The first few minutes of Wednesday night's Toronto Raptors game are going to be something truly special. It's not just the end of a 600 day wait between regular-season home games for the Raptors, but it's a major step forward for Ontario as we begin to heal from the pain of 19 months of this COVID-19 pandemic.
Things are certainly going to be different. In the stands, almost everyone attending the game will have received two shots of a COVID-19 vaccine, something none of us could have imagined when the Raptors walked off the court for their last true home game on that February 28, 2020 evening. The arena will be cashless, tickets will be electronic, and masks will be required whenever people aren't eating or drinking. There will be an uneasiness, I'm sure, as people begin to congregate in mass settings for the first time in ages. But there will be a joy, I'm also sure, as the Raptors run down that tunnel and into the waiting arms of the nearly 20,000 raucous fans.
"You can already feel it in the streets," Raptors coach Nick Nurse said. "I always say when there's a home game coming to Toronto you can feel it a couple days early, you just feel a little extra buzz."
The time away from Toronto made everyone realize how much they'd missed the city. Sure, the weather in the winter isn't ideal, but there's something special about being home, surrounded by the familiarity of this city, the OVO Athletic Centre, and Scotiabank Arena.
On the court, things will look very different. Only four players on this year's squad have ever played in a regular-season home game with the Raptors. There's no Kyle Lowry and the days of Serge Ibaka and Marc Gasol manning the paint seem like a distant memory. In their place, Toronto has pivoted. They've said goodbye to the traditional and hello to innovation. Enter Scottie Barnes, Precious Achiuwa, Khem Birch, and a cast of 6-foot-8ish wings trying to swarm opposing offenses.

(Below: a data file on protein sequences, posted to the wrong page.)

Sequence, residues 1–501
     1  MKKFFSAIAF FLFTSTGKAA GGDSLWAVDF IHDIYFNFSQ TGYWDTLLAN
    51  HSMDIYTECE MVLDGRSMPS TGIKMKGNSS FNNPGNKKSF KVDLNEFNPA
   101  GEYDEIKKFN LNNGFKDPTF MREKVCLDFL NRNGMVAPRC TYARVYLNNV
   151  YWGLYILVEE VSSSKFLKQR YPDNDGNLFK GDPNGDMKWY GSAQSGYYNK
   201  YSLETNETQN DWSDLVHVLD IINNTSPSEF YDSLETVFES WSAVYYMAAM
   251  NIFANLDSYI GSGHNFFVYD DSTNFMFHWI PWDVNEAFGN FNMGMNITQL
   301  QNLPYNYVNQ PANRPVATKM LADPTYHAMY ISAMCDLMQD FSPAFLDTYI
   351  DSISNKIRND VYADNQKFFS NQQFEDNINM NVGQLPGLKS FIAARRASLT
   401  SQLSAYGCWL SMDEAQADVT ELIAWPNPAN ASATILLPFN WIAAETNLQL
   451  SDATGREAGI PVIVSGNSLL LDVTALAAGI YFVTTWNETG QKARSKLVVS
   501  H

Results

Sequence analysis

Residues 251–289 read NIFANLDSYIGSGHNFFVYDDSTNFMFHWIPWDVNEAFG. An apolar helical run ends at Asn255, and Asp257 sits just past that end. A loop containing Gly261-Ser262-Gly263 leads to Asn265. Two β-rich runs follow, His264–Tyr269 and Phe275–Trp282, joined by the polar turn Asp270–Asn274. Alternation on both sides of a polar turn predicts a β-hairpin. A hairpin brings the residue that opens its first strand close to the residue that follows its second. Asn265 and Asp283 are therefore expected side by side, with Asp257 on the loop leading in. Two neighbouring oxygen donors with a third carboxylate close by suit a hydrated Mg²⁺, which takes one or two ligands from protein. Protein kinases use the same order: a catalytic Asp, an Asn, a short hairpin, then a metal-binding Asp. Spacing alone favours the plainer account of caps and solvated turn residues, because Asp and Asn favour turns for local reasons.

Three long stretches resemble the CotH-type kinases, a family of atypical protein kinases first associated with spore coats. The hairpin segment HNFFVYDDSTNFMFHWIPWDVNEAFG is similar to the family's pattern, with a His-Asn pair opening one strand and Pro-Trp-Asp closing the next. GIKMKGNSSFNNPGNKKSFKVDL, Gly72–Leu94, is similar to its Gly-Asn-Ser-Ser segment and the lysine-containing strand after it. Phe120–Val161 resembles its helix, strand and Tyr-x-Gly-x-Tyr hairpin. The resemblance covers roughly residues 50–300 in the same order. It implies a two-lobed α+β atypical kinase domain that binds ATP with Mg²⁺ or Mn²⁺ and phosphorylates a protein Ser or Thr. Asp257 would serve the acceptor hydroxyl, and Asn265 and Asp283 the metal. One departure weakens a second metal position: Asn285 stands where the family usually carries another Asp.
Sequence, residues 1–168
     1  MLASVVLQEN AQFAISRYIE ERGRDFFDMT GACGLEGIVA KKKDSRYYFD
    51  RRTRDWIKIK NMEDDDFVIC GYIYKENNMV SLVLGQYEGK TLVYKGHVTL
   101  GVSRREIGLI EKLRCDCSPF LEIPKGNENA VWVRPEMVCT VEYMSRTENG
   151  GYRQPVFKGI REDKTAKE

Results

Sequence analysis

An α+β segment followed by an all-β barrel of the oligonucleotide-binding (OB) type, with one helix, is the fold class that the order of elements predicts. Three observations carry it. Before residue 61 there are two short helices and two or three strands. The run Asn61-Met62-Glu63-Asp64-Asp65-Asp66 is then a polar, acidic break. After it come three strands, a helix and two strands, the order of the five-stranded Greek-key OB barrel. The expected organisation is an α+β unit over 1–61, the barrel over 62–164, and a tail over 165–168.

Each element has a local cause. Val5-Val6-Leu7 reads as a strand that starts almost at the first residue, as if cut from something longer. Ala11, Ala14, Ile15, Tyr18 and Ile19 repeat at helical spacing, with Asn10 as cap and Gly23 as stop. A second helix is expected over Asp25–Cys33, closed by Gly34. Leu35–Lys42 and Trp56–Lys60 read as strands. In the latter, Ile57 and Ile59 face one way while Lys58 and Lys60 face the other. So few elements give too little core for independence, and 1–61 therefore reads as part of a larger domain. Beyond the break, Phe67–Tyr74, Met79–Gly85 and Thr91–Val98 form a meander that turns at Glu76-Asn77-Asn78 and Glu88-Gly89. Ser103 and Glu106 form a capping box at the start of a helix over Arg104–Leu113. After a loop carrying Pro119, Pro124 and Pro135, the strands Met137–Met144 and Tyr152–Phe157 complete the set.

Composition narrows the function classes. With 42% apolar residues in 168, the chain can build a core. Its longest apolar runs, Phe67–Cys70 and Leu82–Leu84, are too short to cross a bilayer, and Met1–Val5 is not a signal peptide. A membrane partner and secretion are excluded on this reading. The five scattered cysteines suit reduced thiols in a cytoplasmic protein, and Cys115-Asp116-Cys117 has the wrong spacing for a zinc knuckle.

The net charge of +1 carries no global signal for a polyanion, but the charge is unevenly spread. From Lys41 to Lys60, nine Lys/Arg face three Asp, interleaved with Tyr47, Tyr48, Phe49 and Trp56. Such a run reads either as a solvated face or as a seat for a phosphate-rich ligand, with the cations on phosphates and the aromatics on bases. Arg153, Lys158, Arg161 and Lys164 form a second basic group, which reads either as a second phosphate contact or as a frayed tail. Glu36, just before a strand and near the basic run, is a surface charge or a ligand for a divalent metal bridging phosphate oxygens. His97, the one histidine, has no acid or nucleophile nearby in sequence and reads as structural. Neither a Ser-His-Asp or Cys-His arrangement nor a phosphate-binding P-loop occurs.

Will it work? Will the Raptors win with this unconventional roster?
“We’ll see. We’ll see. I’m not good at predictions," Fred VanVleet said. “We got a good group. These guys have been working all summer. Obviously the vets added into that coming into training camp. We had a good training camp. I thought we showed signs in preseason, but we won’t really know until [Wednesday] night. We’ll see how we look. I’m sure there will be bumps and bruises along the way. But I think we all feel pretty good about the group that we have.”
Just how good? How special can this core be? Those questions will start being answered tonight.